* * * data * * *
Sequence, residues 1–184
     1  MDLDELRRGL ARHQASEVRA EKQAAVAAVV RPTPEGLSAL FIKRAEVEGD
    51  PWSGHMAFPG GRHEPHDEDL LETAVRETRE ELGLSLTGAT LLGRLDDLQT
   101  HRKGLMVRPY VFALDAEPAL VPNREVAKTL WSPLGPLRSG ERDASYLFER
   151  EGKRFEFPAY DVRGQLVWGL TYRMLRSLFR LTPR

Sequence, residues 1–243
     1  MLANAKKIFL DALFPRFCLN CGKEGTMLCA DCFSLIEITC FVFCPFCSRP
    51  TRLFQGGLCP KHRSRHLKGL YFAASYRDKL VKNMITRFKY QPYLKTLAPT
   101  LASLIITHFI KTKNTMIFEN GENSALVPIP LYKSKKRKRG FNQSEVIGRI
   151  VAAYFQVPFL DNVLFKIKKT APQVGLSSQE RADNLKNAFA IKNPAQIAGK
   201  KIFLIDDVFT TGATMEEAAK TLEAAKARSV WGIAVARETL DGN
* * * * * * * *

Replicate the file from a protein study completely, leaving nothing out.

Sequence, residues 1–184
     1  MDLDELRRGL ARHQASEVRA EKQAAVAAVV RPTPEGLSAL FIKRAEVEGD
    51  PWSGHMAFPG GRHEPHDEDL LETAVRETRE ELGLSLTGAT LLGRLDDLQT
   101  HRKGLMVRPY VFALDAEPAL VPNREVAKTL WSPLGPLRSG ERDASYLFER
   151  EGKRFEFPAY DVRGQLVWGL TYRMLRSLFR LTPR

Sequence, residues 1–243
     1  MLANAKKIFL DALFPRFCLN CGKEGTMLCA DCFSLIEITC FVFCPFCSRP
    51  TRLFQGGLCP KHRSRHLKGL YFAASYRDKL VKNMITRFKY QPYLKTLAPT
   101  LASLIITHFI KTKNTMIFEN GENSALVPIP LYKSKKRKRG FNQSEVIGRI
   151  VAAYFQVPFL DNVLFKIKKT APQVGLSSQE RADNLKNAFA IKNPAQIAGK
   201  KIFLIDDVFT TGATMEEAAK TLEAAKARSV WGIAVARETL DGN